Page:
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By Ross Bonander, Stress Management Specialist

We could take this time to relate all the reasons why and how being late can prove professionally and personally harmful to you, but if you’re chronically late, you already know them and they likely haven’t mattered enough to you — yet.

Don’t wait until it’s too late to do anything about it. Spare yourself the unfortunate experience of finding out the hard way. The following 4 steps to being punctual are predicated on the notion that being late is a selfish act. Use some of that selfishness to motivate you in a opposite direction.

Step 1

Create an incentive

The first step to being punctual involves the most reliable motive known to mankind: creating personal incentives, or the “me factor.” Think selfishly: What do you gain by being on time today, and what are you putting on the line by potentially being late for this particular event, meeting or function?

In other words, what’s in it for you? Try to avoid generalities like “reputation.” Be specific. If you’re late to your job today, will you get fired? If not, find another incentive. For instance, being punctual will translate to leaving early in the afternoon and beating traffic. Or being late will require an excuse on your part, and if you are the kind of person who is always giving excuses, rest assured you long ago ran out of believable ones. Nothing short of a karma lie — one that involves the alleged poor health of a loved one — can save you now. Good luck with that.

Step 2

Mentally move up your arrival time

Here’s a disastrous idea used by late people everywhere: Move your clocks ahead 10 minutes so you can constantly reassure yourself you still have 10 minutes before you’ll be late. What’s odd is that late people continue to do this even though it doesn’t provide dependable results. It has all the logic of a compulsive behavior. It’s one that you know isn’t good for you, but that you’re unwilling or unable to stop doing.

If you absolutely need to deceive yourself about the time, mentally schedule your appointment 15 minutes sooner than it actually is. Don’t touch a clock anywhere. Just prepare for a 10 a.m. meeting as though it were a 9:45 a.m. meeting.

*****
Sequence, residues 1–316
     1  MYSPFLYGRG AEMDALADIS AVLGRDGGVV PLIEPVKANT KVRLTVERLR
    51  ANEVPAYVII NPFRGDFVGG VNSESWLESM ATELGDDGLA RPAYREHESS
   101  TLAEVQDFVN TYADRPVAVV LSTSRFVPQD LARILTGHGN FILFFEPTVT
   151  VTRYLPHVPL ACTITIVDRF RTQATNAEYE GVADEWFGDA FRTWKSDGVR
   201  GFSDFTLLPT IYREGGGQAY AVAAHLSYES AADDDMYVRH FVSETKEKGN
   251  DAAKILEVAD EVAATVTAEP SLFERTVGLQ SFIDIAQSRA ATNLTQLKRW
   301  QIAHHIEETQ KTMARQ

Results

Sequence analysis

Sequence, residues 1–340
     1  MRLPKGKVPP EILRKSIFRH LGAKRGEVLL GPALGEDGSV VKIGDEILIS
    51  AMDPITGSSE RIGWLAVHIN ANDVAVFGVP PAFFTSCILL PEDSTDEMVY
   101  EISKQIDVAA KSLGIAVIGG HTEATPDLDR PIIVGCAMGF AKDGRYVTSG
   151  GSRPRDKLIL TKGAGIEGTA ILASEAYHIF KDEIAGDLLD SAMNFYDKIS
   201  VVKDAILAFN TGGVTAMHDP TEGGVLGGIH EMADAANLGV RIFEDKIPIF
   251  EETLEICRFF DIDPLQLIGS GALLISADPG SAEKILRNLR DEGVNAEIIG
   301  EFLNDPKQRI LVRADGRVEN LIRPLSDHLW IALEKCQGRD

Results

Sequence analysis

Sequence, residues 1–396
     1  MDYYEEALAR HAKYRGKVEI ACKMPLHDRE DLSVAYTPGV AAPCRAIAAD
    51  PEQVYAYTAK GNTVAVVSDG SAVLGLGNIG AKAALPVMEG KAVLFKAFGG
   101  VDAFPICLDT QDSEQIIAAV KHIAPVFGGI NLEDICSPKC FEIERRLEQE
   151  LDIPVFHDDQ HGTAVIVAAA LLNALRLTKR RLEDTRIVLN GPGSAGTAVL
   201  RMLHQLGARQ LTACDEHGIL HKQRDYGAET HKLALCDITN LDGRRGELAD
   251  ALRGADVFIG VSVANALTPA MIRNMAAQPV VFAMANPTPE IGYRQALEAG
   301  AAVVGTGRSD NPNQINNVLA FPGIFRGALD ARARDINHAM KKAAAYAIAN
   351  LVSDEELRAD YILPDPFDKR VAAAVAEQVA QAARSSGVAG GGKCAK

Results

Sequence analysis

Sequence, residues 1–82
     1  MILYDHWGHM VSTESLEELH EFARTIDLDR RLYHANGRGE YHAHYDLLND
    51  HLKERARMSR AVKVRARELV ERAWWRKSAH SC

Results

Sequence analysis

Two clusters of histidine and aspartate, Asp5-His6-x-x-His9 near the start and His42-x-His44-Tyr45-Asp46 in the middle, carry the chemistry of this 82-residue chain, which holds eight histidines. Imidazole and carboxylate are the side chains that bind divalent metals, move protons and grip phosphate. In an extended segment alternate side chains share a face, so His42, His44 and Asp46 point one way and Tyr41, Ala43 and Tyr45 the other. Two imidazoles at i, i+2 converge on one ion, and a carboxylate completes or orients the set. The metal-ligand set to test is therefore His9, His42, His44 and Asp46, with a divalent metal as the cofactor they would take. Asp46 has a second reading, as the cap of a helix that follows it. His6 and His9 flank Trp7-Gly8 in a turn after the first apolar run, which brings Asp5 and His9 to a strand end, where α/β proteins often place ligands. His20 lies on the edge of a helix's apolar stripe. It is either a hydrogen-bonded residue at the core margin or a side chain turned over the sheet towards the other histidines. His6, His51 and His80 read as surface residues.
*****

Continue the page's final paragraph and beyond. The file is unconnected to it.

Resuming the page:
Step 3

Arrange for any downtime

Some people panic at the thought of the downtime created by getting somewhere early and being forced to stand in lines or hang around waiting rooms. Julie Morgenstern, author of Time Management from the Inside Out, told WebMD: “There is a tremendous fear of downtime, an anxiety associated with doing nothing and waiting.”

There are a few more steps to follow to be punctual…

Turns out, no one likes waiting rooms. Who would have guessed? And people who are perpetually late tend to be the ones who make waiting rooms even more miserable since their being late throws a wrench in everyone’s schedules.

Instead of letting your panic screw others, plan ahead for this downtime. Turn it into a planned time of production: with work, a book, anything that can occupy your time if you’re early. In other words, transform your waiting time or the waiting room into a functional time and space. Giving it meaning and value should prove incentive enough to get you there on time.

Step 4

Reject doing one more thing

The last step in being punctual is to reject the inner urge to do that last little thing or two before you head out the door — like take out the trash or check your blog for comments. Often enough, it’s this last-minute commitment to getting things done that makes you late.

Make a mental note to do it first thing when you get home, write it down if you need to, but resist actually doing it. There will be time to do these little things later; why is it so important to squeeze them in when you’re already pressed for time? Again, go with the “me factor.” Tell yourself that the price of not preparing to be on time is the inability to do these little things at your leisure.

In the future perhaps you’ll be more aggressive about how you spend your time while learning to give the proper value and respect to other people and their time

Read more here.